Friday, November 28, 2008

A Post-Thanksgiving Grumble

Somehow, it never really seems like a true Thanksgiving anymore unless someone, somewhere, is trying to make me feel guilty for having all the things I spend that day giving thanks for.

Of course, it never really seems like a true Veterans Days anymore without someone, somewhere, accusing me of hypocrisy (or worse) for honoring soldiers and their service without my having personally reorganized the entire Veterans Administration. Or a true Christmas anymore unless someone, somewhere, at some point, requires me to rebuke the whole of Christianity based on the actions of the nuttiest of wingnut, Old Testament–thumping fanatics. (Or the Crusades.) Or a true September 11th without my being asked to atone, somehow, for every misdeed, real or imagined, committed by my country since September 12th of 2001.

Can I have my one day, whether to honor or to remember or to just plain give thanks? Please?

These single days are important. They mean something. I realize that more and more as I get older. Every so often, we take one day, and we focus on something. Or on some part of something much larger. We remind ourselves about it. We remember. And we hopefully regain a perspective that we'll carry with us through the days that follow.

It's not hypocrisy. It's not insensitivity. And it is not, by any means, willful blindness.

On September 11th, I remember more than 3,000 dead innocents. There are 364 other days a year to argue foreign policy.

On Veterans Day, I remember the soldiers I've known, and those I haven't, and how they served in a way that I never did, how they did something I'm not sure that I could have done myself. Because there are 364 other days a year to argue over bureaucracies, and benefits, and how best to provide them.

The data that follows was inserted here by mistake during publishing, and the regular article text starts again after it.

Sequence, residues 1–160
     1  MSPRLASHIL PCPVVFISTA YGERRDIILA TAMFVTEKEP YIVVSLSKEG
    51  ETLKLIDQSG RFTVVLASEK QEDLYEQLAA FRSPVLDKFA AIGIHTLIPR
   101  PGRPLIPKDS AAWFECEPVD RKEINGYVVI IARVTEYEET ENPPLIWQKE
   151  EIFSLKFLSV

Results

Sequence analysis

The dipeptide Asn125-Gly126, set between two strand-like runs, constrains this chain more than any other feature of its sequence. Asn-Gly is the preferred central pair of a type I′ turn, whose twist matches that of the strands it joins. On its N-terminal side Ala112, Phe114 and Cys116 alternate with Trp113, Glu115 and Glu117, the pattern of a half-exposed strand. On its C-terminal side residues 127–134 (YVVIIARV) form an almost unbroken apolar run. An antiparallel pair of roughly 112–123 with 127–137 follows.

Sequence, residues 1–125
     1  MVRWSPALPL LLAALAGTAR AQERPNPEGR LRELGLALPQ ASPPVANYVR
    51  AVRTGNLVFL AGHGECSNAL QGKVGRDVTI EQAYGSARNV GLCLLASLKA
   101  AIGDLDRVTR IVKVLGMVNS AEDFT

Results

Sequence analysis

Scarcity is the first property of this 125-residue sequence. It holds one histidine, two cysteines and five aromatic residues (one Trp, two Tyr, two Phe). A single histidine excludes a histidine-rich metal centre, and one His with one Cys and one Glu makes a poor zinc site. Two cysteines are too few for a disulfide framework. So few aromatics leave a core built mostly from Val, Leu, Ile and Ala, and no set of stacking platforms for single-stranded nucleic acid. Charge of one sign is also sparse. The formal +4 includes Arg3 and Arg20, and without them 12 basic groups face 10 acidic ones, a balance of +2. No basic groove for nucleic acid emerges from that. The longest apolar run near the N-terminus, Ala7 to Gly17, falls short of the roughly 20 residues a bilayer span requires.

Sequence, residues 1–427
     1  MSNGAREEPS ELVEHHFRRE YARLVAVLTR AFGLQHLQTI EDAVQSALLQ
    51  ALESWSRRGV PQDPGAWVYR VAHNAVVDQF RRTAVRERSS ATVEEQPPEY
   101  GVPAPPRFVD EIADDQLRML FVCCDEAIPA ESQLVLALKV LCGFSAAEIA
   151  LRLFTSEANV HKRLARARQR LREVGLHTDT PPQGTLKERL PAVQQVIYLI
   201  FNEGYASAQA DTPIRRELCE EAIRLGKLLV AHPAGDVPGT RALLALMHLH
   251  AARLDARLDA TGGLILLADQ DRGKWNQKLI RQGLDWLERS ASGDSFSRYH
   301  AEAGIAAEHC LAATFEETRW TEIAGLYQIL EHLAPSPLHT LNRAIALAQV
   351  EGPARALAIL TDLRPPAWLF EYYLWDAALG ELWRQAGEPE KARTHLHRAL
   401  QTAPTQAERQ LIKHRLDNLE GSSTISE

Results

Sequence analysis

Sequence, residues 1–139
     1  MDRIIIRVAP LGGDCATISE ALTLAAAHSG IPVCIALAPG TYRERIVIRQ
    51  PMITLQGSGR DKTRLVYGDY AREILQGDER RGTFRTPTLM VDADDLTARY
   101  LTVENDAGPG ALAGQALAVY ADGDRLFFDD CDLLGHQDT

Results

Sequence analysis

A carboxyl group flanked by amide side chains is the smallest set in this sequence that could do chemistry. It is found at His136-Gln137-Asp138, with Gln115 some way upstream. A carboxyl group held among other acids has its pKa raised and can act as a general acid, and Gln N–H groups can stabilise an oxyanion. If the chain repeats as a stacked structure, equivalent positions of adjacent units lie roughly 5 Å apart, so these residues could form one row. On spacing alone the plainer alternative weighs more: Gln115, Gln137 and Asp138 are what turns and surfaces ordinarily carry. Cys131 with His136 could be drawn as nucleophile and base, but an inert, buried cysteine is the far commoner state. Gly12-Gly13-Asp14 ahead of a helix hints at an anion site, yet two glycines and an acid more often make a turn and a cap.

On Christmas, I remember the good that Christianity has brought. How it inspired abolitionists to help end slavery in my own country. How a believer like William Wilberforce challenged and guided England until it used the Royal Navy to end the slave trade. How the Rev. Dr. Martin Luther King, Jr., marched and struggled for civil rights with the Constitution in one hand and a Bible in the other. How this faith allows person after person to walk into war zones and do good, or drives someone to perform a simple act of kindness for someone he or she has never met before and most likely will never see again. Because there are 364 other days a year during which I'll be glad to help catalog the bad, and might even lend Richard Dawkins my ear, at least for a while.

And on Thanksgiving, I count my blessings, and I give thanks for them. I give thanks to whatever allowed me to work so long and so hard, to get through the things in my life that I've gotten through, to be able to have the good things that I've somehow earned. And I give thanks to God or the Universe—and sometimes, I'll be honest, to both—for the good things that have seemed to just fall into my life out of nowhere. And I also eat more than I should.

But none of it, not one bit, means that I somehow don't care about those who are "food-disadvantaged." Or that I'm somehow actually celebrating the "genocide" wrought by my unremittingly sinful forefathers who apparently had not a single redeeming feature. Because we human beings are able to see the good and the bad, to be aware of the sins and the miracles, and to learn from the mistakes while also celebrating what we got right. We just sometimes need to pick a day, a single day, and then focus in on one thing. Or on one part of something much larger.

Because we have 364 other days a year for you to "educate and inform" us, when we can deal with everything else, and when we can have those debates. And I promise, you'll get a much more receptive hearing from me on any of those 364 other days. You might even have a chance of actually changing my mind.

So can I have my one day? Please?

Just one day, every so often. That's all I'm really asking.